Those kinds of tools will become common in finance, Ehrenhalt said.

Digital assistants will be especially helpful in handling routine queries and questions, such as providing information on accounts receivable ageing like for a certain period for a line of business, or detailing the top 10 customers who are past due in a particular region or country.

They could also answer how many days late a particular customer may be on a payment, figure out global expenses on facilities in 2017 or detail daily sales on a given date for a product.

"We're building prototypes of this now using digital assistants to trigger robotic processes that extract information from an ERP [system] and trigger the distribution of a user-friendly dashboard report via email," Ehrenhalt said via email.

Among other advances offered by the new technologies:

  • Touchless transactions: Automation and blockchain will take out the middleman to create seamless, almost instantaneous transactions. This will create a need for employees who understand both business and technology on a large spectrum to build and connect systems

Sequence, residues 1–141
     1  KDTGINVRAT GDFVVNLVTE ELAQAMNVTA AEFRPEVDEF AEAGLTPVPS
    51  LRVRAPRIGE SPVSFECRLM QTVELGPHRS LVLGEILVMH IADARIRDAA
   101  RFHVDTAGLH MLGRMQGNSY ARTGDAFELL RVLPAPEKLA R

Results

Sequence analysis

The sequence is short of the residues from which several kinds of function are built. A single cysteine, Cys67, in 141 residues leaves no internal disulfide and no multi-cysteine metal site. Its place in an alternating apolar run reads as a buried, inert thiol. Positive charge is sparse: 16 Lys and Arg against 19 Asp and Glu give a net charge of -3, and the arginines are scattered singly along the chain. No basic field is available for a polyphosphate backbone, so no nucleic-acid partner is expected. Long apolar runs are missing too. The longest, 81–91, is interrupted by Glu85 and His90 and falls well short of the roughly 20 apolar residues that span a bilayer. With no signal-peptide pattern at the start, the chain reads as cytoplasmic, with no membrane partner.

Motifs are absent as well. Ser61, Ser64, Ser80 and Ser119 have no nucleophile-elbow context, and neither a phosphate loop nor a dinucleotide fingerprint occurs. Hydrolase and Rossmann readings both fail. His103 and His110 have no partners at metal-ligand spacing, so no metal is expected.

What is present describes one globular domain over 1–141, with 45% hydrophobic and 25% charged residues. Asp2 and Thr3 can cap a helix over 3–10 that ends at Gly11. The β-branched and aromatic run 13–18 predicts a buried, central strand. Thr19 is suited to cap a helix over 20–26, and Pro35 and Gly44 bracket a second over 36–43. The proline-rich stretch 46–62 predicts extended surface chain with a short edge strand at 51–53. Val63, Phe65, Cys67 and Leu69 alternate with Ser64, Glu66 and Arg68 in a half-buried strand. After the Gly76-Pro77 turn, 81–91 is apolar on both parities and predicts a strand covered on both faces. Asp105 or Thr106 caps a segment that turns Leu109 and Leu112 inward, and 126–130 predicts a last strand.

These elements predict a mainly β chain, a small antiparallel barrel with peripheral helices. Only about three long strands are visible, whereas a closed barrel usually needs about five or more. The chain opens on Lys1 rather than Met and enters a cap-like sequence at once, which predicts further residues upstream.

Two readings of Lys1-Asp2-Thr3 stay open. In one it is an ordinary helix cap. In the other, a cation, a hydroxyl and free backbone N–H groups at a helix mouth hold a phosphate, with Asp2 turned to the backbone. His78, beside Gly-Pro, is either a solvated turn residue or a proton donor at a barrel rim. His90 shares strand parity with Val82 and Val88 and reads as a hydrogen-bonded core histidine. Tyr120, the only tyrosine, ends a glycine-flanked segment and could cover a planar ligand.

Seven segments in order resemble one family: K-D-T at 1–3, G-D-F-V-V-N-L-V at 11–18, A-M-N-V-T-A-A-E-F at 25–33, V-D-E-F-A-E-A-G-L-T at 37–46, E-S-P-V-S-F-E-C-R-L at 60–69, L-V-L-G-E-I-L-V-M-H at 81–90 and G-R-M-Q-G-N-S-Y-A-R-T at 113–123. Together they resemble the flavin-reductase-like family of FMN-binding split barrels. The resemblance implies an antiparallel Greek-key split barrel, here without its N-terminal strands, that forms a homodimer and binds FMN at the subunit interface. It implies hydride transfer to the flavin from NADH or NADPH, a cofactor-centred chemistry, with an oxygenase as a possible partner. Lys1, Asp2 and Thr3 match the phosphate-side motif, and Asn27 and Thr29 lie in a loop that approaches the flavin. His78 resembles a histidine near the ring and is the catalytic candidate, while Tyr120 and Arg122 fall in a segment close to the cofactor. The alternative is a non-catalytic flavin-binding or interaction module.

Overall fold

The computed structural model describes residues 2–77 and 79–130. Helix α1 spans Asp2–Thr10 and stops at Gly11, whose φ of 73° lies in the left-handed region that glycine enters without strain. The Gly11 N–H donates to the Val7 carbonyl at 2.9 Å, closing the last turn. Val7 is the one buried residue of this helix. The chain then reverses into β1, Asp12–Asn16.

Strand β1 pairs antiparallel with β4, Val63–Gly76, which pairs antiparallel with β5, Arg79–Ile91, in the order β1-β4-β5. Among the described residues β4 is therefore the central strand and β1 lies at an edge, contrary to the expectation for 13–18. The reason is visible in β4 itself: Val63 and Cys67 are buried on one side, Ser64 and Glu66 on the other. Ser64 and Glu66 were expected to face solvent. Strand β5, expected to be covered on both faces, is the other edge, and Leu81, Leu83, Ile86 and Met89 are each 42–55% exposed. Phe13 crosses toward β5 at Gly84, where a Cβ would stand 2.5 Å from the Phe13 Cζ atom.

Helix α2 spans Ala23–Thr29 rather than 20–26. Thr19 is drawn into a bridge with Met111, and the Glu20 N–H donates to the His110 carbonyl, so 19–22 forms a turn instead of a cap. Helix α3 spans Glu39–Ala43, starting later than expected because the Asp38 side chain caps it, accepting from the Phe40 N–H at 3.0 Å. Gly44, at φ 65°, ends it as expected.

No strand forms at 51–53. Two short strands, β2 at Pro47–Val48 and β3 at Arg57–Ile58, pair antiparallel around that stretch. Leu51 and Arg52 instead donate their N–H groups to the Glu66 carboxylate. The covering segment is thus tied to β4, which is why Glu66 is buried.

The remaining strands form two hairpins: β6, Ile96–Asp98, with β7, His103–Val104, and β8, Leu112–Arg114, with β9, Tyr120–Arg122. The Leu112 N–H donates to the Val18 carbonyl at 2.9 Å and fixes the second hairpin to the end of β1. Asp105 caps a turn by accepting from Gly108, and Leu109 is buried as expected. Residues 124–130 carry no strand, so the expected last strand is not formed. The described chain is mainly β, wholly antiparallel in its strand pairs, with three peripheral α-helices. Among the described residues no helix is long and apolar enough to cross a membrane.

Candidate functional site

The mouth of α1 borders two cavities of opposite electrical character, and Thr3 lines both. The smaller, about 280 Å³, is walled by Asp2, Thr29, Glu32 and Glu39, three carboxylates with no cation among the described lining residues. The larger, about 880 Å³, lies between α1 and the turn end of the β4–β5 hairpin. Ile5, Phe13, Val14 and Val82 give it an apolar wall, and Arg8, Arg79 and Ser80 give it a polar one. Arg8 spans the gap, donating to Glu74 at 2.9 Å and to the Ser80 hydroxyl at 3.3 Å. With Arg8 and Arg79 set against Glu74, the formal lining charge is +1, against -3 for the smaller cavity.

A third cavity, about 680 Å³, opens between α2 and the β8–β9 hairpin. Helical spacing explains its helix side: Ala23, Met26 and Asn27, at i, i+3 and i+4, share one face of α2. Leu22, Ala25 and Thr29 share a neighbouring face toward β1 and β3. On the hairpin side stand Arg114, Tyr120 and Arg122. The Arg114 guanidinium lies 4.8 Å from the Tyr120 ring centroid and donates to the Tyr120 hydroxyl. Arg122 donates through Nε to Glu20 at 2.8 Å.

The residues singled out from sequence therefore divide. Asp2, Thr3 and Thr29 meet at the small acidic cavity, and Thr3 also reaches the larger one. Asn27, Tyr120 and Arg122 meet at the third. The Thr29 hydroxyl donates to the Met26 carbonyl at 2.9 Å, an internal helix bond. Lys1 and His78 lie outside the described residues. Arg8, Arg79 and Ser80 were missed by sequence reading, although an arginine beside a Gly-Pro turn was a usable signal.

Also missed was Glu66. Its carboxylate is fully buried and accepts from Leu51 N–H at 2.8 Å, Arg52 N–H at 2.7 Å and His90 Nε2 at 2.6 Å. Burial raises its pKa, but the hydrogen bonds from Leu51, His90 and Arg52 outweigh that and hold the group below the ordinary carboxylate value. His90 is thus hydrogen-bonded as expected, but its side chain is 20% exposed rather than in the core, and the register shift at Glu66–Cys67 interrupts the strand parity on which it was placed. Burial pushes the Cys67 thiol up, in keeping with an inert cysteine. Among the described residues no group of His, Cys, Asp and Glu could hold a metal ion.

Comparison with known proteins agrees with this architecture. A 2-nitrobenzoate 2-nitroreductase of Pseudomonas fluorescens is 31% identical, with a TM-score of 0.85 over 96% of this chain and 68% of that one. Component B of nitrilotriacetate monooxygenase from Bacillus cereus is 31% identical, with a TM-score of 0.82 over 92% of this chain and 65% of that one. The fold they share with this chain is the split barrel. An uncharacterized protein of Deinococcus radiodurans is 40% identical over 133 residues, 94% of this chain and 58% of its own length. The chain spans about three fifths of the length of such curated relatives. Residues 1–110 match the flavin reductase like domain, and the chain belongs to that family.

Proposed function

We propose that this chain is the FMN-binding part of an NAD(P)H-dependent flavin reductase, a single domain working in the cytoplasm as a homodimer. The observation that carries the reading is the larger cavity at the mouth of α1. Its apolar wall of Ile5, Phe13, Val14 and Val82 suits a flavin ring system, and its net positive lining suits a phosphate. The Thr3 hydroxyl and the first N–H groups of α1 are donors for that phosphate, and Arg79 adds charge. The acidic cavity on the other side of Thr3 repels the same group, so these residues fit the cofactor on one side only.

• Improved response from Finance departments: Automated operations will make it easier to provide stellar customer service
  • Finance cycle changes: Actual spending and forecasts will happen in real-time, moving away from traditional analytics as data scientists and design professionals will be relied on to engineer real-time forecasts

"It will take some time for organisations to digest and embed the technological progress of the past several years to change the way work is done, how workforces are organized, and how workplaces are structured," Ehrenhalt continued.

"The capabilities of currently available technologies have not yet been fully manifested in any company's finance organisation that we have seen.

"Just as society, regulation and governmental policy are taking time to catch-up to technological progress, so too are large enterprises."